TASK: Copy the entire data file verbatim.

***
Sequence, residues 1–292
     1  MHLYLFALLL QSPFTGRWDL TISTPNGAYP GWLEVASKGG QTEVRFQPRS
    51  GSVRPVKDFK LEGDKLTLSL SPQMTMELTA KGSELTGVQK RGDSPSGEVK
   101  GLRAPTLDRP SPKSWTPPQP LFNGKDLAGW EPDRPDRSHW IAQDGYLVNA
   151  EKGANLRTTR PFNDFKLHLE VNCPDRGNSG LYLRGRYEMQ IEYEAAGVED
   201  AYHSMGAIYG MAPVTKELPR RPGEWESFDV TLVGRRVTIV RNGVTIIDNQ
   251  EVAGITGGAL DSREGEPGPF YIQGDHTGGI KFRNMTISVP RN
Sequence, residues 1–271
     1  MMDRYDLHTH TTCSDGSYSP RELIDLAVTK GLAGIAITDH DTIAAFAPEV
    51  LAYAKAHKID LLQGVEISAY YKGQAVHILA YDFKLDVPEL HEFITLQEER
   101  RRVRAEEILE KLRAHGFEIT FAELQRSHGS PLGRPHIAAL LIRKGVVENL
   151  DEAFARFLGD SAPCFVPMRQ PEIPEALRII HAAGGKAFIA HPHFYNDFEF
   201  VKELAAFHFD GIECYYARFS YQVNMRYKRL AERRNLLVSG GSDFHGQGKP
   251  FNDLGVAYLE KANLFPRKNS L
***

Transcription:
Sequence, residues 1–292
     1  MHLYLFALLL QSPFTGRWDL TISTPNGAYP GWLEVASKGG QTEVRFQPRS
    51  GSVRPVKDFK LEGDKLTLSL SPQMTMELTA KGSELTGVQK RGDSPSGEVK
   101  GLRAPTLDRP SPKSWTPPQP LFNGKDLAGW EPDRPDRSHW IAQDGYLVNA
   151  EKGANLRTTR PFNDFKLHLE VNCPDRGNSG LYLRGRYEMQ IEYEAAGVED
   201  AYHSMGAIYG MAPVTKELPR RPGEWESFDV TLVGRRVTIV RNGVTIIDNQ
   251  EVAGITGGAL DSREGEPGPF YIQGDHTGGI KFRNMTISVP RN
Sequence, residues 1–271
     1  MMDRYDLHTH TTCSDGSYSP RELIDLAVTK GLAGIAITDH DTIAAFAPEV
    51  LAYAKAHKID LLQGVEISAY YKGQAVHILA YDFKLDVPEL HEFITLQEER
   101  RRVRAEEILE KLRAHGFEIT FAELQRSHGS PLGRPHIAAL LIRKGVVENL
   151  DEAFARFLGD SAPCFVPMRQ PEIPEALRII HAAGGKAFIA HPHFYNDFEF
   201  VKELAAFHFD GIECYYARFS YQVNMRYKRL AERRNLLVSG GSDFHGQGKP
   251  FNDLGVAYLE KANLFPRKNS L